Western Australia's Astronomy & Space Science Community
The Probing Lensing Anomalies NETwork (PLANET) has
been looking for variations in microlensing events.
Microlensing is an optical effect which occurs when
a large mass (usually a star) passes in front of a
background star and gravity “bends” the
light towards the observer. When the foreground object
is directly between the observer and the background
star the light from the background star is uniformly “bent” by
gravity and redirected towards the observer in the
form of a ring around the foreground object. As the
foreground object moves away from the centre the ring
separates into two images of the background star. Often
the ring and dual images are not resolvable, but are
recorded as an increase in the brightness of the star.
Previous microlensing surveys were conducted obtained
well defined light curves (a record of the variances
in the brightness) on a scale of 10s or 100s of days.
However, these curves are generally poorly defined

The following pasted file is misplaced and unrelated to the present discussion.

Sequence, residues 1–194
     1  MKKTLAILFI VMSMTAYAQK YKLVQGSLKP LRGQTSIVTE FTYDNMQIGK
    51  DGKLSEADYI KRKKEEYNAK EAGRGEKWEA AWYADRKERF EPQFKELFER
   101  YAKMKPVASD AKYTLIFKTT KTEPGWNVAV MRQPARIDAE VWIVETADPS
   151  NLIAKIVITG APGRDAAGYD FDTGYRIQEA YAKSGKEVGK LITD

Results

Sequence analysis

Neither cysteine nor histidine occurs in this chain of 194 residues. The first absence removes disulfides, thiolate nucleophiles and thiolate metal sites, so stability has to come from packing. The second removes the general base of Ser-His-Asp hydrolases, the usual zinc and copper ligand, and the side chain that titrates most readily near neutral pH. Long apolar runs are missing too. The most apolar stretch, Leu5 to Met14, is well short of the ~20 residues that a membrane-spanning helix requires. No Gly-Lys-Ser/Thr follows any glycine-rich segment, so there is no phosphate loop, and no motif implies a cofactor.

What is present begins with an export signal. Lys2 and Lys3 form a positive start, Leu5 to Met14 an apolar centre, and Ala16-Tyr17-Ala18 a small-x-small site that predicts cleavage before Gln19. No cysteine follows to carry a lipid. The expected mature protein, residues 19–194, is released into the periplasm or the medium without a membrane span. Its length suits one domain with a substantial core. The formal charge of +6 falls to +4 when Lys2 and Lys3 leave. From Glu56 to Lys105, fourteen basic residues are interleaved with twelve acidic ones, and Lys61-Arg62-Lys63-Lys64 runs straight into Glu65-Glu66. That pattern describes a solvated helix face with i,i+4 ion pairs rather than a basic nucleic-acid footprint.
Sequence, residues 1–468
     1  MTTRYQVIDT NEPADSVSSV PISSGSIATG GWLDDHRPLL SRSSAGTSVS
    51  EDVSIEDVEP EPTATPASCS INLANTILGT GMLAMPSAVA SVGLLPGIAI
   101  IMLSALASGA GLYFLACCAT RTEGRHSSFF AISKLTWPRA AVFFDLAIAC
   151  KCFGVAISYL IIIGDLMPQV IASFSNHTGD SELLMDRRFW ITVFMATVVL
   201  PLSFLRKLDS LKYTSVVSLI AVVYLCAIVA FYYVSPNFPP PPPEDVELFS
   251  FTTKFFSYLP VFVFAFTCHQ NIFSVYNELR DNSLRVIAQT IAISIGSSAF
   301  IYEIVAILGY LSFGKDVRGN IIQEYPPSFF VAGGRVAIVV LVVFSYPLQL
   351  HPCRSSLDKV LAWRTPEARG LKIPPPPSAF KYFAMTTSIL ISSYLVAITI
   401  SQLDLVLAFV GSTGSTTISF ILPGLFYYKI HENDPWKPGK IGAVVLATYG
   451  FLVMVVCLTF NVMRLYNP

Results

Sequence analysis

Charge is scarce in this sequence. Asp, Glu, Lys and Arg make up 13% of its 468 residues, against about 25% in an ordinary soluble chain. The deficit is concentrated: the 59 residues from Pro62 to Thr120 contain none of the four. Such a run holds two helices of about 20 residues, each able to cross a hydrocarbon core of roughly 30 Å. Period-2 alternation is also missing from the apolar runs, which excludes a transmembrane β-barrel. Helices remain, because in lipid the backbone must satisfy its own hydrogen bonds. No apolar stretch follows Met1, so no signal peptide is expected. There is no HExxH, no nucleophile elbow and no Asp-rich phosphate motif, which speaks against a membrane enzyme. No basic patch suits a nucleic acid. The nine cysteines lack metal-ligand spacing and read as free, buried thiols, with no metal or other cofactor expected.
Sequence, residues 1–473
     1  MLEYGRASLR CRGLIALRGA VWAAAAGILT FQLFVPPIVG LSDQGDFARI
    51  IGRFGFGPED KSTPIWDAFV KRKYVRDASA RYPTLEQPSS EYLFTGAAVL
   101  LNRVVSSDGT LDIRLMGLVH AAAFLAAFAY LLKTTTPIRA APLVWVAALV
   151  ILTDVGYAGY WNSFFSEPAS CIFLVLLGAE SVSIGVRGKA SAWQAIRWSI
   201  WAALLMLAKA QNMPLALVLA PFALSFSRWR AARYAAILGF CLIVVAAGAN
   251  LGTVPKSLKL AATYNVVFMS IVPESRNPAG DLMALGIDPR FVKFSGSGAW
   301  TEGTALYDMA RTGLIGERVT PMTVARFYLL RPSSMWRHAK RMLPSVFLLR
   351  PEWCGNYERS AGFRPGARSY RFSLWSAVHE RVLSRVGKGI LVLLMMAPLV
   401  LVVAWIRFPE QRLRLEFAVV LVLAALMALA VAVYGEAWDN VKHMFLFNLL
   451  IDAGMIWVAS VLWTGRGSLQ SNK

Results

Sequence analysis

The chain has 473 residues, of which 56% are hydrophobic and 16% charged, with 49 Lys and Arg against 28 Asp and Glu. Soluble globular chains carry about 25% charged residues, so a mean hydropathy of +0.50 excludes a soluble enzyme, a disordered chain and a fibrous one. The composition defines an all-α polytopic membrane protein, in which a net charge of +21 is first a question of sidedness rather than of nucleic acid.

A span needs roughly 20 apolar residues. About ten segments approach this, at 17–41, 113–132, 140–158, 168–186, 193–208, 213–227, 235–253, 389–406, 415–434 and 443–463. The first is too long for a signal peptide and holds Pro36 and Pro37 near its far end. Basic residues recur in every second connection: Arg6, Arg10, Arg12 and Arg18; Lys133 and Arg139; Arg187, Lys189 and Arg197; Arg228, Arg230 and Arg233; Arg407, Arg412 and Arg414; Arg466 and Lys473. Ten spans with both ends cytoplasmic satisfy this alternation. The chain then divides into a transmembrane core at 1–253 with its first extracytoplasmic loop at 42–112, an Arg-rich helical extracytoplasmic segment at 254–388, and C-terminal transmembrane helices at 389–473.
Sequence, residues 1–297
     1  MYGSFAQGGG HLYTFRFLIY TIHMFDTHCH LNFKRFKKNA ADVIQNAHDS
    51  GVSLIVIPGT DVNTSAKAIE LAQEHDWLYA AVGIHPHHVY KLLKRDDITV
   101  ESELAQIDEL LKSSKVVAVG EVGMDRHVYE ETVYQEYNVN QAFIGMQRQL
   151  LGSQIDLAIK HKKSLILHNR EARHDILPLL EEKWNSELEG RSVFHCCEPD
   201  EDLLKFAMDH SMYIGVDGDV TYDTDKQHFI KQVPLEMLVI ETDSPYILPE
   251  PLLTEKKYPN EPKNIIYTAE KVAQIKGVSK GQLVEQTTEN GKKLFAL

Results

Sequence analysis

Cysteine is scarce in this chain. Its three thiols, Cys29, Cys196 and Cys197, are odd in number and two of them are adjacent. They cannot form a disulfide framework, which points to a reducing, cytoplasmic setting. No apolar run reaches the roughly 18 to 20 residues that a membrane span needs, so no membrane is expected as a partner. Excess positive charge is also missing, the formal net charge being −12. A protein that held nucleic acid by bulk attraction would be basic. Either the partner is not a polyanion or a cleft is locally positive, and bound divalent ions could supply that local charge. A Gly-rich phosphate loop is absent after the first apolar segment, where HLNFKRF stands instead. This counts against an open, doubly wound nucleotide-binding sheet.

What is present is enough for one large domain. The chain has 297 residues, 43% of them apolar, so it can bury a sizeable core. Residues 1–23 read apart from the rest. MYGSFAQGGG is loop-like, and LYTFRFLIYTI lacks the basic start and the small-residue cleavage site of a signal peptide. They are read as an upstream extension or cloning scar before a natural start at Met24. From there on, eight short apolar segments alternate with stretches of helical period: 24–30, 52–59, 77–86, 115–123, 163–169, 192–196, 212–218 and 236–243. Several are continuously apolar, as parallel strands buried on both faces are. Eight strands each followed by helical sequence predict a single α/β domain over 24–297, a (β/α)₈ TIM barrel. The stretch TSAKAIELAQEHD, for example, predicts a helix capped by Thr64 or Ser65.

at the time scales needed to observe small-scale variances.
These small-scale variances are what give astronomers
clues to the structure of the foreground (or lensing)
object. PLANET uses smaller time-scale surveys of potential
microlensing events to get finer detail of any variances
in the microlensing events.
Variances can be caused by a large range of reasons,
all with different geometries and lensing properties.
These include: double lenses, double background stars,
background and foreground light mixing, or even planetary
systems around lenses.
PLANET uses four telescopes; all located in the
Southern Hemisphere, in three different countries (2
in Australia; Perth and Mt Canopus) to conduct its
observing campaigns. PLANET has 32 members in 18 institutions
across 10 countries.
To learn more about PLANET or microlensing, please
visit their website.